Environmental literacy starts in kindergarten

Frederick News Post
06/11/2013
When it comes to the basics, learning about the environment belongs right up there with reading, writing and arithmetic. To that end, the Maryland State Department of Education now mandates that public school students in every district earn an environmental literacy credit as a requirement for graduating from high school. A recent Medill News Service story took a look at efforts here and elsewhere to bring environmental studies into public education. In Maryland, each county devises its own environmental literacy program. Frederick County has chosen — wisely, we believe — to embed its environmental program in social studies and science education

Frederick aldermen press developer on school overcrowding

Questioning gets heated over annexation that would add 300 homes to the city
Gazette
Sherry Greenfield
03/31/2013
A plan to build 300 homes on nearly 49 acres of annexed farmland ran into tough questioning Wednesday from the Frederick Board of Aldermen which raised concerns about who would pay for possible school overcrowding. The developer, Christopher’s Crossing LLC, is asking the five aldermen for permission to build no more than 300 single-family homes and townhouses on land known as the Bargtis/Lasick-Rallas properties, located near Walter Martz and Christopher’s Crossing roads, west of U.S. 15. If the annexation is approved, construction would start in 2015. Developers first unveiled their plans to the mayor and aldermen at a Feb. 27 workshop, and were asked to come back for further discussions on the development’s impact on schools and roads in the area.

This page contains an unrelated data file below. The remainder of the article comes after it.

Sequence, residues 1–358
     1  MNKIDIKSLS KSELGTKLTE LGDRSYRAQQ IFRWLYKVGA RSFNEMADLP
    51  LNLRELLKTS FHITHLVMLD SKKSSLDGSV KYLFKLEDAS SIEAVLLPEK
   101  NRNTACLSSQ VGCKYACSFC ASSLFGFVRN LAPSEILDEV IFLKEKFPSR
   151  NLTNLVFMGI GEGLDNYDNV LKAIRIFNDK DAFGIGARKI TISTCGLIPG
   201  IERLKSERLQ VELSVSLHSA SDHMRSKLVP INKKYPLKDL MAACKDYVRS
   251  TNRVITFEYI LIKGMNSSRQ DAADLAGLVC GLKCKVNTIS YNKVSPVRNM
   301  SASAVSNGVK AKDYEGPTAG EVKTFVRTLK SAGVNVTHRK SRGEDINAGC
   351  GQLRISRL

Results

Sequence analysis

Data shows Frederick teacher salaries among lowest in Maryland

Statistics presented at joint meeting of board of education, commissioners
Gazette
Margarita Raycheva
06/20/2012
For months, Frederick County education officials have been saying the salaries of their teachers fall at the bottom of the scale among Maryland school systems. Now they have brought out the statistics to prove it.

Urbana could expand by 600 homes

Proposal requires a zoning change